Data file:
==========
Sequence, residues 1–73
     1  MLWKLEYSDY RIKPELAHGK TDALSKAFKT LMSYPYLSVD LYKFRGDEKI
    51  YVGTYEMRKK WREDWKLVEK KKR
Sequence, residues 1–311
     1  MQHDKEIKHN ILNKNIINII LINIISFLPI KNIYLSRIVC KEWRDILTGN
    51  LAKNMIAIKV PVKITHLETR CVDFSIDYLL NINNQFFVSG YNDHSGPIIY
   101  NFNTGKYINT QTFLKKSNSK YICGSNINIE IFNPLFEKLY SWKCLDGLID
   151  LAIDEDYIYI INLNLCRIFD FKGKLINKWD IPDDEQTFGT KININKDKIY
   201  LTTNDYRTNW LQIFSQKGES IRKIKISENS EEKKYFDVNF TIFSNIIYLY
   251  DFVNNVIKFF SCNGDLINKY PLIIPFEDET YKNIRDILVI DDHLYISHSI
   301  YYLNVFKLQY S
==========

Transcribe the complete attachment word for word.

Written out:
Sequence, residues 1–73
     1  MLWKLEYSDY RIKPELAHGK TDALSKAFKT LMSYPYLSVD LYKFRGDEKI
    51  YVGTYEMRKK WREDWKLVEK KKR
Sequence, residues 1–311
     1  MQHDKEIKHN ILNKNIINII LINIISFLPI KNIYLSRIVC KEWRDILTGN
    51  LAKNMIAIKV PVKITHLETR CVDFSIDYLL NINNQFFVSG YNDHSGPIIY
   101  NFNTGKYINT QTFLKKSNSK YICGSNINIE IFNPLFEKLY SWKCLDGLID
   151  LAIDEDYIYI INLNLCRIFD FKGKLINKWD IPDDEQTFGT KININKDKIY
   201  LTTNDYRTNW LQIFSQKGES IRKIKISENS EEKKYFDVNF TIFSNIIYLY
   251  DFVNNVIKFF SCNGDLINKY PLIIPFEDET YKNIRDILVI DDHLYISHSI
   301  YYLNVFKLQY S